Blood samples may be taken to check your general health and to look at your bone and liver function for signs of cancer.
Your doctor may take an x-ray of your chest to check your lungs for signs of cancer.
A bone scan may be done to see if the breast cancer has spread to your bones. A small amount of radioactive material is injected into a vein, usually in your arm. This material is attracted to areas of bone where there is cancer. After a few hours, the bones are viewed with a scanning machine, which sends pictures to a computer. This scan is painless and the radioactive material is not harmful. You should drink plenty of fluids on the day of the test and the day after.
A CT (computerised tomography) scan uses x-rays and a computer to create detailed, cross-sectional pictures of the inside of the body. Before the scan, you will either drink a liquid dye or be given an injection of dye into a vein in your arm. This dye, known as the contrast, makes the pictures clearer. You will lie flat on a table while the CT scanner, which is large and round like a doughnut, takes pictures. This painless test takes 30-40 minutes.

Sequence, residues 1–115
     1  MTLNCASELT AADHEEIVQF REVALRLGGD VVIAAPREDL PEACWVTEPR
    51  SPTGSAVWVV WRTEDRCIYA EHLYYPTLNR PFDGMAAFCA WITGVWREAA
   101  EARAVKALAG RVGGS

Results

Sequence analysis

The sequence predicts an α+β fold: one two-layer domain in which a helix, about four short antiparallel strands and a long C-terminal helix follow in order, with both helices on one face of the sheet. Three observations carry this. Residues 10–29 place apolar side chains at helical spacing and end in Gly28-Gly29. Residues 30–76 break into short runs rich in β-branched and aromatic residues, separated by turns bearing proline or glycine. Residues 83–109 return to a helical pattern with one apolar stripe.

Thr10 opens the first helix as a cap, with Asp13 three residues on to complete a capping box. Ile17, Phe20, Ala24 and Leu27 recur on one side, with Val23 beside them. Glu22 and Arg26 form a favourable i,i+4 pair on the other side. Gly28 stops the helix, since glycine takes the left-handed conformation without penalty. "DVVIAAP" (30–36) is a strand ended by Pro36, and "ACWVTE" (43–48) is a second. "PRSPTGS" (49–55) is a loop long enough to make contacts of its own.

Before having scans, tell the doctor if you have any allergies or have had a reaction to contrast during previous scans. You should also let them know if you are diabetic, have kidney disease or are pregnant.
Prognosis means the expected outcome of a disease. You may wish to discuss your prognosis with your doctor, but it is not possible for anyone to predict the exact course of the disease. In working out a prognosis, your doctor will consider the stage and grade of the cancer (see below), as well as its hormone receptor and HER2 status.